ETA on Using CSLA 4: Silverlight 4 and WPF

ETA on Using CSLA 4: Silverlight 4 and WPF

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MadGerbil posted on Wednesday, June 29, 2011

Any rough estimates on when the ebook will be available?

RockfordLhotka replied on Thursday, June 30, 2011

I've been working on the WpfUI project, and expect to really dig into the ebook writing starting Tuesday.

Des Nolan replied on Friday, July 01, 2011


I'm speculating that a lot of what you've done with MVVM and setup so your framework is capable of supporting WPF and Silverlight should carry over to HTML5 when it comes out. Do you agree?

I have a CSLA application with over 500 Windows Forms that I did not rush to convert because while WPF and Silverlight may have had superior technology behind them, they never offered the ease of construction of Windows Forms, so I waited, and waited for Microsoft to make it easier to work with them. And I waited and waited to see whether WPF or Silverlight would become the 'popular' path. But years later, there's still a high learning curve to using them, and Microsoft itself has largely ignored those UIs for its own products. Now in Windows 8, it looks like the landscape will change again with HTML5 (and the new unified DirectUI), and its possible that this new technology might take off quicker that WPF or Silverlight ever did, because it has wider appeal across technology companyies.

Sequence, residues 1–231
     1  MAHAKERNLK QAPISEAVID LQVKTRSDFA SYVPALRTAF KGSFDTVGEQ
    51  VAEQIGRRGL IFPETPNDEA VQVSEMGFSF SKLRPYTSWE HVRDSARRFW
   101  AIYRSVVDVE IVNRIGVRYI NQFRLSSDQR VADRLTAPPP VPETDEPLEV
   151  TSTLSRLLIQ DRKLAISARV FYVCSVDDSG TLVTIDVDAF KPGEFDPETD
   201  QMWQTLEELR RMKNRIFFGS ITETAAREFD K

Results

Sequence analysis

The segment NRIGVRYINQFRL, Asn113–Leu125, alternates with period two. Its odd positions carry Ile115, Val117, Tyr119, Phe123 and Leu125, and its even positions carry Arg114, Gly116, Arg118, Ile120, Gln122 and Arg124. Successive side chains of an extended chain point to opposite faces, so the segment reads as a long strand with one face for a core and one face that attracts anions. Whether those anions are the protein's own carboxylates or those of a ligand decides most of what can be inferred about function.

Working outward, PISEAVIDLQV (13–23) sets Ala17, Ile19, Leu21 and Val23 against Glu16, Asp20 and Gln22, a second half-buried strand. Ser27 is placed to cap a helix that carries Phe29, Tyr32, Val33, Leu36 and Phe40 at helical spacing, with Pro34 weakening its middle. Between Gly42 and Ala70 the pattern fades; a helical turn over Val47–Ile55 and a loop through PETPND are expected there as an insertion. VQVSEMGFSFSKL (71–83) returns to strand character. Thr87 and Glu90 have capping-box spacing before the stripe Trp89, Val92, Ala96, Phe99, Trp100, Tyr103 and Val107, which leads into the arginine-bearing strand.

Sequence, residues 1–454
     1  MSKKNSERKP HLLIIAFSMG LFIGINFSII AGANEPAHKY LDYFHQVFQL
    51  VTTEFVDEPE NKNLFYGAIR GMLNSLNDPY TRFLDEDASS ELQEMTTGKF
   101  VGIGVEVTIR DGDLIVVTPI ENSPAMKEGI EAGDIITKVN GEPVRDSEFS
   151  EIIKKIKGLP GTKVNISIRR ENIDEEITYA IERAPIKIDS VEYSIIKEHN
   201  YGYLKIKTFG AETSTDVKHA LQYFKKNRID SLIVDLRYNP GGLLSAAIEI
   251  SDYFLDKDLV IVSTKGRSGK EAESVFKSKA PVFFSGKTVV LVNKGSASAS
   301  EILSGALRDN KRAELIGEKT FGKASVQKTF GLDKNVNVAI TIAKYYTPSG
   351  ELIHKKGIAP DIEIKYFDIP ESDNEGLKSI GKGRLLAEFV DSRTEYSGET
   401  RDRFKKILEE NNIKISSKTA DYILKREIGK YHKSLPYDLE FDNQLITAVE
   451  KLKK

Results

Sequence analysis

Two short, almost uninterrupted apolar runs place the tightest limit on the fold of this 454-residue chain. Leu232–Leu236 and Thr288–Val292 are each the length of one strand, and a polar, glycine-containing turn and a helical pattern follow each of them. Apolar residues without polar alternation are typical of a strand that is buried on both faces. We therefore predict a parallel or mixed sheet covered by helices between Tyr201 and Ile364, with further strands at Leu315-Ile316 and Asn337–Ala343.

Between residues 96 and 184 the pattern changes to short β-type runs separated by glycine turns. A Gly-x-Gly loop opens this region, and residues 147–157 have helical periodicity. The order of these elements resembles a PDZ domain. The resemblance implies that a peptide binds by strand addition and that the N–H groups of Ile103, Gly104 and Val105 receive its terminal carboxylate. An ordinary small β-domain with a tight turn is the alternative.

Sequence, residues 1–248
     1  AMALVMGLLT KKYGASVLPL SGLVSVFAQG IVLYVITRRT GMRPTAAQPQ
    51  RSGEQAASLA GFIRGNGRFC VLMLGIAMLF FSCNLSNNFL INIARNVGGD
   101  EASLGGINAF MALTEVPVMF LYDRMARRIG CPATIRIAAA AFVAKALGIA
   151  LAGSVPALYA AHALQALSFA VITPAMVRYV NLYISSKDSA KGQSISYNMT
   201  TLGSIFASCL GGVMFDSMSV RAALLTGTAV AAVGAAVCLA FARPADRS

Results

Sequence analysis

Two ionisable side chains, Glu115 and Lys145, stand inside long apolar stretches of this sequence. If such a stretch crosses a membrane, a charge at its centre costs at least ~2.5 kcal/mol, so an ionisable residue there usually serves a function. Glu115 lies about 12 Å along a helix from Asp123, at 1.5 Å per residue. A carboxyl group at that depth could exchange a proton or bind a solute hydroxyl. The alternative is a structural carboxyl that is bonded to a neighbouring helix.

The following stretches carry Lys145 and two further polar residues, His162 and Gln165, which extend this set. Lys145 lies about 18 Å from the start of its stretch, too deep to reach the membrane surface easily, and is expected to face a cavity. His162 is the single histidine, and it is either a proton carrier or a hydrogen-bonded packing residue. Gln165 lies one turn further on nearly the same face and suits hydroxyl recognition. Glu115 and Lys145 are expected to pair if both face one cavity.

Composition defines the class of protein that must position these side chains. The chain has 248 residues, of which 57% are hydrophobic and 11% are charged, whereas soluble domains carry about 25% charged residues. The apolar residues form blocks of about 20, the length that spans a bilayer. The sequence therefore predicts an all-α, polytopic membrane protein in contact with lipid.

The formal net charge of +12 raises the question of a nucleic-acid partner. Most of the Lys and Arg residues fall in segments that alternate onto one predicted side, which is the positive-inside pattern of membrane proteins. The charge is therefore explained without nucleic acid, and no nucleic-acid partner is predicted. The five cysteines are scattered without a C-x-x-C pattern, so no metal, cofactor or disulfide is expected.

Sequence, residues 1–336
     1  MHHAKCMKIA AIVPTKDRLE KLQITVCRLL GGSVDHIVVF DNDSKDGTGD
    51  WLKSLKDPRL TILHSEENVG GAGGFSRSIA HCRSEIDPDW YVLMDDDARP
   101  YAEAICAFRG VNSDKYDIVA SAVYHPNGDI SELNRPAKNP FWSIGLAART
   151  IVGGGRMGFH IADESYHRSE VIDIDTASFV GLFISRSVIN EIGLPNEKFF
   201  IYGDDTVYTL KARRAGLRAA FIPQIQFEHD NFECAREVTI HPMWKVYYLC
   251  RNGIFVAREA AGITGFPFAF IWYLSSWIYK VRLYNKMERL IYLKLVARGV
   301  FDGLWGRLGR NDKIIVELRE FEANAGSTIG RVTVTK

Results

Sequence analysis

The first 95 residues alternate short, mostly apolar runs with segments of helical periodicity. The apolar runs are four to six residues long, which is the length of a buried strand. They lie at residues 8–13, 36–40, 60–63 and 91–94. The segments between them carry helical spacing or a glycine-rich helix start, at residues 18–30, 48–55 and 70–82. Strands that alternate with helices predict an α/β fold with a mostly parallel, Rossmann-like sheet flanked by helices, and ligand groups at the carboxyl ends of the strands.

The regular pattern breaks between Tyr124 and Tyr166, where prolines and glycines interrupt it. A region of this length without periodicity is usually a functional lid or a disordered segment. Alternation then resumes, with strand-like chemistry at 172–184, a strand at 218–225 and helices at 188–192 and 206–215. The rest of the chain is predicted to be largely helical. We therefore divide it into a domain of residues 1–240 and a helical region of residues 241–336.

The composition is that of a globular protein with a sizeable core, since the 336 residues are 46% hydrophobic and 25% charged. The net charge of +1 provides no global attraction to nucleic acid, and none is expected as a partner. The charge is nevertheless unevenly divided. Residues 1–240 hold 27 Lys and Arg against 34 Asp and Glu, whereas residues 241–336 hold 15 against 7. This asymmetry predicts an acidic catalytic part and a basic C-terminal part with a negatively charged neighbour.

Yet, as a form of insurance in the meantime, I've started enhancing an open source tool (  so I can convert my forms to WPF, which I can do relatively easily as I've never adopted third party controls, and worked to keep the number, type, and usage of the controls we do use to a very consistent and small surface set.

However, I'm also thinking it might be a good idea to make this tool capable of outputting HTML5 as well.

In preparation for moving to another UI, we've begun to examine what we've done in the past to see what code can be pushed down into the business classes or some view controller class. In the past, I never really subscribed to text book given benefits for using the view controller pattern, as I never really needed multiple views. But now I see a great benefit, as such a pattern would simplify swapping out one UI for another.

Rocky, keep up the great work on the framework, and the effort to educate us all with your wisdom. Some ideas make take longer to sink in, but eventually they all do.

Des Nolan